SBC Invites Churches to Rise to Great Commission Challenge
- Allie Martin Agape Press
- 2005 1 Jan
The nation's largest evangelical denomination is encouraging its churches to have a plan to take the gospel to the community, state, continent, and the world. The initiative known as the Acts 1:8 Challenge takes its inspiration and purpose from Christ's words to his disciples as he commanded them to be his witnesses "to the ends of the Earth."
The International Mission Board of the Southern Baptist Convention is spearheading this mission challenge to local churches. IMB President Dr. Jerry Rankin says the objective of the initiative is clear and simple: to motivate people to capture Christ's vision of reaching the entire world and be personally engaged in the effort.
"The Acts 1:8 Challenge is a challenge to the churches to respond to that vision and realize that we as a denomination -- and even the International Mission Board -- exist to facilitate local churches being directly involved in our mission task," Rankin says. Through the challenge, the IMB hopes to encourage U.S. churches to increase participation in short and long-term mission trips, take part in church planning, and involve more members in intentional, culturally relevant evangelism.
According to the IMB president, congregations that expand their national and international outreach tend to see big differences in their ministry endeavors at home. "We find that many churches testify that they really become more involved in local witness and outreach after going on an international mission trip," he says. "Somehow they're just more sensitive and aware of the lostness and what they can do to reach the people around them."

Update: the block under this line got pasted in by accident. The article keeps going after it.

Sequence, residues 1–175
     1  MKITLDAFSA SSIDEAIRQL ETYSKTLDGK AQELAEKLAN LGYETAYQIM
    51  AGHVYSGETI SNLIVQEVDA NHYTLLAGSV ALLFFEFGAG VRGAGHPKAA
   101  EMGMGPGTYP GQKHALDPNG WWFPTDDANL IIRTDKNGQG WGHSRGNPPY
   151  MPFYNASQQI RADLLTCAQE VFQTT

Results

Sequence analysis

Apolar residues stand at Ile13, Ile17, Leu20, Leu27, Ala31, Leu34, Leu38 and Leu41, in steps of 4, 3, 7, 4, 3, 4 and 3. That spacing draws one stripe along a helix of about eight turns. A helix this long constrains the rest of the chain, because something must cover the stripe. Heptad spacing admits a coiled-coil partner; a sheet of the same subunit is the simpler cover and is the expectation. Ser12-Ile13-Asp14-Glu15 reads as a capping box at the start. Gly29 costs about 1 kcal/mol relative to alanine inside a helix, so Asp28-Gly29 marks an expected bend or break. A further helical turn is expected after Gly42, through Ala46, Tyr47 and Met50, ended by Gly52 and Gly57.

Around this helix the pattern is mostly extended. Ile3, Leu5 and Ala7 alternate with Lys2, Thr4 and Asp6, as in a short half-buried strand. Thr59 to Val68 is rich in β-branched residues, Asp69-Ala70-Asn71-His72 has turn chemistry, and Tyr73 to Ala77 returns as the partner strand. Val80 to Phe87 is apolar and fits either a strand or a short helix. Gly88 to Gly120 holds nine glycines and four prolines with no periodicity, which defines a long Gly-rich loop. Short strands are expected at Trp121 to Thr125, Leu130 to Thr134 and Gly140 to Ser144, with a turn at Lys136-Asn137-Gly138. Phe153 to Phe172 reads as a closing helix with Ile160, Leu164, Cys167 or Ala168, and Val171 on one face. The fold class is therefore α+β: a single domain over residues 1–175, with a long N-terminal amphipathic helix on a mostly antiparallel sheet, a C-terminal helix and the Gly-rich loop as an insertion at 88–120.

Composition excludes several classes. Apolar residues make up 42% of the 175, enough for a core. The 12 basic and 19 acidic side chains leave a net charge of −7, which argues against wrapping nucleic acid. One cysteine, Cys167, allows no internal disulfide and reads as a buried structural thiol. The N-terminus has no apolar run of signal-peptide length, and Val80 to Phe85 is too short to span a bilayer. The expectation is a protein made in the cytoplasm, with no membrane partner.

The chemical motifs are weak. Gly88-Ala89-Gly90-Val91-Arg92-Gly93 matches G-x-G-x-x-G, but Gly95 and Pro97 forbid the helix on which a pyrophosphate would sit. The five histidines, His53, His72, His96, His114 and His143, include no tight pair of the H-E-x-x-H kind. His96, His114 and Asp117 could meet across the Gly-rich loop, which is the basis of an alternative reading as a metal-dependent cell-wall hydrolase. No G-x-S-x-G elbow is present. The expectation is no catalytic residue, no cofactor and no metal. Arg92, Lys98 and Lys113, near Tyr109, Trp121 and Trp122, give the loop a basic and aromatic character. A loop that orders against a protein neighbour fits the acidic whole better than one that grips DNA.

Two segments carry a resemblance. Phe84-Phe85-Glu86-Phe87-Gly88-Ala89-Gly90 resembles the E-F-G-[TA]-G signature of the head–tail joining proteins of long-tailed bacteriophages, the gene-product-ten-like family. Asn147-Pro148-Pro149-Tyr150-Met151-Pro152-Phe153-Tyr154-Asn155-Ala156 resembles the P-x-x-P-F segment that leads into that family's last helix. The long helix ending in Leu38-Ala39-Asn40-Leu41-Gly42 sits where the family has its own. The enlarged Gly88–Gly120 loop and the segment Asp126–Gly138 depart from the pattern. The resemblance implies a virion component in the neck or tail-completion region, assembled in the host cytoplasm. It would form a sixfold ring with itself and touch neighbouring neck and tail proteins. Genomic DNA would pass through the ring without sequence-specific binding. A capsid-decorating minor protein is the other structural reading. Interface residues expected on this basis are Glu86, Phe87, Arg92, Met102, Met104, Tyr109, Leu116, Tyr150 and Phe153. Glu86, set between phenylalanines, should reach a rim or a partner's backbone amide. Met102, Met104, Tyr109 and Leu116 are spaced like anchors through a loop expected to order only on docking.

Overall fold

The Acts 1:8 Challenge is based on the scripture passage in which Jesus said to his disciples, "But you will receive power when the Holy Spirit has come on you; and you will be my witnesses in Jerusalem, in all Judea and Samaria, and to the ends of the Earth." In terms of the initiative, “Jerusalem” corresponds to the local Baptist association, “Judea” to the state convention, “Samaria” to the North American Mission Board and “the ends of the earth” to the International Mission Board.
In accepting the challenge, Southern Baptist congregations commit to embrace a comprehensive missions strategy in partnership with associational, state, national and international missions. Rankin hopes the initiative will provide a unifying framework in which the church will learn to approach missions with "a servant heart of empowering, enabling and facilitating one another" as well as with a new level of cooperation.
International Mission Board (http://www.imb.org)
PHOTO by IMB: Cotonou, Benin: An ex-Muslim Bible study. This is an experiment to see if Muslims will better understand their salvation if they continue to worship in the same style as they have always known, instead of conforming to the Western traditional worship style. The only major difference is that they are worshiping Jesus and not Allah.